You can sell a book by its cover. The Authors Collection

James R. Callan
James R. Callan

I know most contracts give the publisher the right to select the cover. So, that’s that?

Maybe not. Many times the publisher is willing to accept some input from the author. You should always ask for that. Why? The cover is a reflection of your book, and you as well. And it’s your career. So, let’s talk just a little about covers. In such a short post, I cannot cover this subject in depth, but perhaps I can get you to think more about your cover designs.

The conventional wisdom is, “You can’t tell a book by its cover.” While that is true, it is also true that, “You can sell a book by its cover.” The cover is the first thing a prospective reader sees. If it doesn’t generate some interest, most likely that person will move on to another book. It is also the first impression the reader gets of you, the author. You know what they say about first impressions. The cover is the first impression the reader gets of your book and of you. Make it not just a good cover; make it a compelling one.

How do you make a striking cover? It should reflect something about the book, but you have a lot of leeway. Select some part of the book that lends itself to a striking cover. Remember, your cover is competing for attention with others, perhaps hundreds or thousands of other covers. Scatter several books on a table and see which one jumps out at you. Decide why. Try this several times with many different books. What grabs your attention? Do those have something in common? Remember, the first task is to get the prospect to pick up your book.

cover-Cleansed_by_FireUsually, this should be a clear, single image. Except in unusual cases, which will require a superior cover designer, stick with a single idea. This is a key place where you would like to have input to the cover designer. He likely will not have read the book. You need to guide him to some key idea, scene, theme, message, etc. that you’d like reflected. But don’t forget “striking.”

What about fonts? Avoid the standard fonts we generally use. While the text might look great in New Times Roman or Cambria, just raising up the point size will not make it a good cover font. Consider more unusual fonts. If this is a dark book, there are fonts that can convey that feeling. If it’s a romance, there are fonts that look more … okay, maybe they don’t look romantic, but look, well, more like Valentine ’s Day.

Certainly pick one that is very easy to read. Don’t pick one that is too flowery. You do not want the reader to either misread the title, or just give up. There are lots of other books. Why waste five seconds on a title difficult to read. Certainly, this applies to the author’s name as well. Make it very readable. You’d like the prospect to remember not only the title but your name. If it’s hard to read, your name doesn’t get into her memory at all.

Consider all caps. Put the author’s name in a different typeface. Again, not Times Roman. Not Helvetica. Easy, clear, memorable. Your name should be imprinted on the browser’s mind, whether she knows it or not.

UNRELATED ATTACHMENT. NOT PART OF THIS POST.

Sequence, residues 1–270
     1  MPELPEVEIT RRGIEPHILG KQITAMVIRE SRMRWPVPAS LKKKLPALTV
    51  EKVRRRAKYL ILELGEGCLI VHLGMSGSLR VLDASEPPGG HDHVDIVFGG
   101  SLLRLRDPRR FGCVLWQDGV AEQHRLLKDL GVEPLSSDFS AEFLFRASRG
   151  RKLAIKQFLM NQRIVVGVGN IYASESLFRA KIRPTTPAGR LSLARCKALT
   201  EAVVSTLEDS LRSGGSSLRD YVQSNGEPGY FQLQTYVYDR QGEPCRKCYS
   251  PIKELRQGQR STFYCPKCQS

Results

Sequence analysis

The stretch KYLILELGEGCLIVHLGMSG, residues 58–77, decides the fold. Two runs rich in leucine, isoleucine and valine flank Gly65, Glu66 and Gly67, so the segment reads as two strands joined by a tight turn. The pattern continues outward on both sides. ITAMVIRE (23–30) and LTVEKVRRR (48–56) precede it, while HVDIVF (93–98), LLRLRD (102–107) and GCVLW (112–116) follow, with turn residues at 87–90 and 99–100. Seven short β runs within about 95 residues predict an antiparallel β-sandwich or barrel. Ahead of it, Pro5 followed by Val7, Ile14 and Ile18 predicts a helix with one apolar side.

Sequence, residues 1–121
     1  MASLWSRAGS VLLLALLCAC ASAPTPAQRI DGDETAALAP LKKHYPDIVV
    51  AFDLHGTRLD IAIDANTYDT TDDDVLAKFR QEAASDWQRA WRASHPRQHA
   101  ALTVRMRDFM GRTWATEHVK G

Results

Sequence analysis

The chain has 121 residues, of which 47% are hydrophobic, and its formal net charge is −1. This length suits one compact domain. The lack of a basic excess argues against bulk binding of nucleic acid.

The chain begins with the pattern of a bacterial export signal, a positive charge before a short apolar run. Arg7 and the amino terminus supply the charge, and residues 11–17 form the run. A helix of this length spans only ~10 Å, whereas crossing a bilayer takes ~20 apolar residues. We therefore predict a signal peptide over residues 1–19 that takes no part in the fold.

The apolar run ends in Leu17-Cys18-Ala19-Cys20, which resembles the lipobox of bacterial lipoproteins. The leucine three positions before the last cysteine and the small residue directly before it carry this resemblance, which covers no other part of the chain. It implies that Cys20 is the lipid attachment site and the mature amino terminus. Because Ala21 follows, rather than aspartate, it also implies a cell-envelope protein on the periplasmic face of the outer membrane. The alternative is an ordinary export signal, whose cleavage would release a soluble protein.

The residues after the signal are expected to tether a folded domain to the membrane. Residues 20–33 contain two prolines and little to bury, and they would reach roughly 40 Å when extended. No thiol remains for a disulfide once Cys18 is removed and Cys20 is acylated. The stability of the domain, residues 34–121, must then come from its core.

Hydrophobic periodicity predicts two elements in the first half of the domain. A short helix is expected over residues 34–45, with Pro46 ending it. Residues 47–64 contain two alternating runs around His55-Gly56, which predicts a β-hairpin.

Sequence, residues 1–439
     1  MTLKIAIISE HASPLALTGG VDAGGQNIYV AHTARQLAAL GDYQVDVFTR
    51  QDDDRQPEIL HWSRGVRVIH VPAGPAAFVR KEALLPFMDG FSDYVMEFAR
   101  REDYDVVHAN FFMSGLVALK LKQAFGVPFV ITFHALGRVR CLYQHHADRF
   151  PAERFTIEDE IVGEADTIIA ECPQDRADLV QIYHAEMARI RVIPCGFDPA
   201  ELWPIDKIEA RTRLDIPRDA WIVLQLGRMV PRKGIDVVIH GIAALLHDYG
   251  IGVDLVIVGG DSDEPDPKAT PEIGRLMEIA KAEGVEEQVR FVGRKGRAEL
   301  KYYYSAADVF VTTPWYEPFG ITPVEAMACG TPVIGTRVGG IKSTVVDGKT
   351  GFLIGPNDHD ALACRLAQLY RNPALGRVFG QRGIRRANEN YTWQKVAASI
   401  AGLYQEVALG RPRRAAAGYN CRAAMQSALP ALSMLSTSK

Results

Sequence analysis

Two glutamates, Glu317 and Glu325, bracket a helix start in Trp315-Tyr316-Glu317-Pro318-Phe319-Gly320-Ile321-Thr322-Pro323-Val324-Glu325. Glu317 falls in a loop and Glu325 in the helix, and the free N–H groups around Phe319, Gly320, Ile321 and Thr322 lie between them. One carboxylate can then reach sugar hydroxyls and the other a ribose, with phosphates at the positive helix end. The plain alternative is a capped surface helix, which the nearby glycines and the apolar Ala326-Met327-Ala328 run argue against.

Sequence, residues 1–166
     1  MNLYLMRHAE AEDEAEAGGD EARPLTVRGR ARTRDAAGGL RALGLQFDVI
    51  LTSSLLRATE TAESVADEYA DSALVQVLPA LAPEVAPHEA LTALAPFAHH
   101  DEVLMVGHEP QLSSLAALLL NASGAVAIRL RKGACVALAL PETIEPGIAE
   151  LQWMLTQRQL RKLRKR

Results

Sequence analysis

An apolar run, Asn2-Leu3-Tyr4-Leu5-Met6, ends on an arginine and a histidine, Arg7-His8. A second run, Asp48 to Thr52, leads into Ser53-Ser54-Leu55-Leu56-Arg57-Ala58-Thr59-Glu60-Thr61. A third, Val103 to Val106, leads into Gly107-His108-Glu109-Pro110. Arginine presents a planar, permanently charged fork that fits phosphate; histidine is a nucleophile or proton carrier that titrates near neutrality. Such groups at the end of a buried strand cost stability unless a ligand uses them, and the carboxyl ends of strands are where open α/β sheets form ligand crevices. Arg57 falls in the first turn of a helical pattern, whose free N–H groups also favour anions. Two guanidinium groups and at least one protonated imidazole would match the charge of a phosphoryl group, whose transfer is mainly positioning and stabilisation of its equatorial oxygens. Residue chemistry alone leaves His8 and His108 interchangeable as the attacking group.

cover-MACThe entire cover for the mystery Cleansed by Fire was filled with raging flames consuming a church. It was striking. The cover for the mystery Murder a Cappella had drops of blood dripping from a crown on to a sheet of music.  Eye catching. Each reflected the theme of the book.

To sum up, ask for some input on the cover. Strive for a striking cover. Use only two fonts, one for the title, one for your name. Avoid standard fonts in favor of a font that reinforces the feeling of your book. And most of all, remember the importance of the cover. You’ve spent months on the book.

The thing that the prospect makes her first decision on is not the book, but the cover.

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  • Great post, Jim. The cover today is more important than ever before. It has to look good and be easily read in a little postage stamp size on Amazon and the other eRetailers. The cover has to pack a big punch in a little package.

  • Jim, this is really good and valuable info for authors. I know I saw a dramatic increase in sales on one of my books when I changed covers.

  • Darlene Jones – Author

    Cover design is so tricky. Covers are such a personal; thing is terms of readers’ reactions to them. Thanks for the tips. I particularly like the idea of spreading out several books and seeing which one pops out. That’s an experiment I’m going to try.

  • Rob Wylie

    Very valuable insight! Thanks for sharing!

  • Cora Ramos

    I absolutely think the cover is important. I was not satisfied with the covers my publisher was offering and had one made. Publisher happy, I’m happy, book designer happy–now to see if the reader/purchaser will be happy.

  • Dac Crossley

    Good post. I sure do agree with the suggestions about the author’s name. My name isn’t prominent on the covers I’ve used. If the book was by Clive Cussler the cover would say CLiVE CUSSLER in big type across the top – that’s what i want next time! (Dac Crossley, not Clive Cussler…)

  • Chris Swinney

    I’m anxiously waiting to see what the publisher comes up with as a cover for my first book. I hope they read this blog to get some great ideas. I’m hoping to lure people to my books with the cover and book them with my writing! Great blog!

    Chris

  • Donn Taylor

    Excellent post, Jim. Good advice all around. I had no input on the cover for Rhapsody in Red, but the publisher did a good job. Had input on concept for the Deadly Additive cover, and the publisher did a fantastic job.

  • Mary Hamilton

    This comes at the perfect time for me. Great information and suggestions. Thanks!

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